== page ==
Today, streaming services are all the rage and allow independents to get their products out immediately. People now have the ability to listen to music for free via online mediums like Spotify and Soundcloud. In the film industry, audiences can access movies and television through paid streaming services like Netflix, Hulu and Amazon. According to The New York Times, “HBO and other premium networks have agreed to pay billions of dollars for the exclusive run of major studio films” because “movies are [their] most popular content” (Manjoo). The fact that people still physically buy their music and movies in the form of vinyl, CD, DVD and blu-ray is rare, but for the most part, everyone downloads their entertainment in an MP3 file.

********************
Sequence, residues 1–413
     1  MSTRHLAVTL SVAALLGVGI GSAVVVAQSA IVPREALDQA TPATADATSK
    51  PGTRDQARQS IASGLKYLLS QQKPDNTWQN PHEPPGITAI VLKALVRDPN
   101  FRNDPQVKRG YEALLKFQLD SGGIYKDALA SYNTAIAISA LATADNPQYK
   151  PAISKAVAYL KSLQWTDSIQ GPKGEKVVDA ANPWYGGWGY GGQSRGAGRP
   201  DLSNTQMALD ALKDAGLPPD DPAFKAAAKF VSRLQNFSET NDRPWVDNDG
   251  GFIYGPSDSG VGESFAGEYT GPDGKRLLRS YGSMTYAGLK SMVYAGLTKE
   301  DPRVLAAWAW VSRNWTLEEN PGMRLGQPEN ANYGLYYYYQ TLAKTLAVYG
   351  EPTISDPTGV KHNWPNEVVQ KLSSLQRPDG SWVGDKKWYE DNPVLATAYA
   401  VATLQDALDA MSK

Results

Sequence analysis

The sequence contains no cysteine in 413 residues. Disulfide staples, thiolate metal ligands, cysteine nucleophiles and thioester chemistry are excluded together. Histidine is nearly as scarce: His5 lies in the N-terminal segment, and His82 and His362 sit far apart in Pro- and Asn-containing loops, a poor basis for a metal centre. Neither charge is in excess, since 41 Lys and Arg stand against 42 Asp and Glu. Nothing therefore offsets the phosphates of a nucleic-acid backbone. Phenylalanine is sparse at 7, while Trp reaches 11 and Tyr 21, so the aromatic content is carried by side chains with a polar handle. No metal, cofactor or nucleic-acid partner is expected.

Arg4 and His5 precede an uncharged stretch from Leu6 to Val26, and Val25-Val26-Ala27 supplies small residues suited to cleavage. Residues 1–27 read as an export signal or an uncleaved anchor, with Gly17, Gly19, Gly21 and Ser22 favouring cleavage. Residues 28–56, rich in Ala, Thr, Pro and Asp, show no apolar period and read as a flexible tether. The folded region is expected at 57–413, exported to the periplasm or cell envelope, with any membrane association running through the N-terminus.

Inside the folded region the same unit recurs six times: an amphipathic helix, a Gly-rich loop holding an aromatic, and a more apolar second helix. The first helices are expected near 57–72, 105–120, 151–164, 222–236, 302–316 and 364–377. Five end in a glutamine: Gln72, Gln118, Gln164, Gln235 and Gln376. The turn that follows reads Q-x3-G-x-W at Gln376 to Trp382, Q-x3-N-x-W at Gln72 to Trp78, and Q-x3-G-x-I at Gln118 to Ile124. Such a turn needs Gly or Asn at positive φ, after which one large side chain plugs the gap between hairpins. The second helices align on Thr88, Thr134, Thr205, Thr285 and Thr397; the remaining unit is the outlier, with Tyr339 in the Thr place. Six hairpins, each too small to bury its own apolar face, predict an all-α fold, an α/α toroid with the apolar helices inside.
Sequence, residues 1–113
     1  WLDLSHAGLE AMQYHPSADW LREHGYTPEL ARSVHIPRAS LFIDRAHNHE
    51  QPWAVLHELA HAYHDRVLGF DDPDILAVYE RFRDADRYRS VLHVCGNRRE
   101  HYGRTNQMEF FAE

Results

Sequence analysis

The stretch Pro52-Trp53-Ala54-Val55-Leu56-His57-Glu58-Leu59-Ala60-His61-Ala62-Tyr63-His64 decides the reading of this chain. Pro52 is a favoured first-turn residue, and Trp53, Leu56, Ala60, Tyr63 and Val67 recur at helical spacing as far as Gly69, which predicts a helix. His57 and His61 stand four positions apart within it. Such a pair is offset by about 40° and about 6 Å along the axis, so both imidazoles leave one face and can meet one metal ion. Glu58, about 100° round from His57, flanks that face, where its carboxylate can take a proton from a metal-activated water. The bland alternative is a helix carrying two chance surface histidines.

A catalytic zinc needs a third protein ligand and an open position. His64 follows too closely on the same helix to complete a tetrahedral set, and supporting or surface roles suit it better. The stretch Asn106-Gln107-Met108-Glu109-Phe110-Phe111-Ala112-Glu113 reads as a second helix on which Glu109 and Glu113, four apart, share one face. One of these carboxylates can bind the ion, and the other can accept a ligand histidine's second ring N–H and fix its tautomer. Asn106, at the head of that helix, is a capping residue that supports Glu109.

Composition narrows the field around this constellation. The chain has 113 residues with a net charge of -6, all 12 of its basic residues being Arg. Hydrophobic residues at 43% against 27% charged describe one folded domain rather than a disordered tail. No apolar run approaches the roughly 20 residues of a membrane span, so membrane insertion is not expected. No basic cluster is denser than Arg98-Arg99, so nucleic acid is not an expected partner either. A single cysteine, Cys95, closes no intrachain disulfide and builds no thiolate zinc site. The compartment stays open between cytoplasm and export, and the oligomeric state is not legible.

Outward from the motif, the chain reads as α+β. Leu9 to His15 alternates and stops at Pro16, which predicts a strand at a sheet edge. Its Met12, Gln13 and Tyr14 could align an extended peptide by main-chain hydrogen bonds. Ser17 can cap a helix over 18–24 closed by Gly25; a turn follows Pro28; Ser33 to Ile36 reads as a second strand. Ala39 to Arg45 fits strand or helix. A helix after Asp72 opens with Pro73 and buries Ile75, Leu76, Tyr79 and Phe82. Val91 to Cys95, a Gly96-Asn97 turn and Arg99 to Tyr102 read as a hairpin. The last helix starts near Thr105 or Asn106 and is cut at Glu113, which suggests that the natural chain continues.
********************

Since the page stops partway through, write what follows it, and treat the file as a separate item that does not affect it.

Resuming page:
According to Rolling Stone, “digital music sales, once believed to be the record industry’s savior after years of Napster-induced piracy, dropped for the first time since the iTunes store launched in 2003, according to new year-end data from Nielsen SoundScan” (Knopper). “Just like in the music business, eventually the entire home-video market is sure to move online, and many consumers will abandon pirate sites in favor of easy-to-use legal services. The music industry lost a lot of money when it dithered over this transition, and now the movie business seems to be making the same mistake. It could be raking in a lot of cash by selling us easy online rentals” (Manjoo).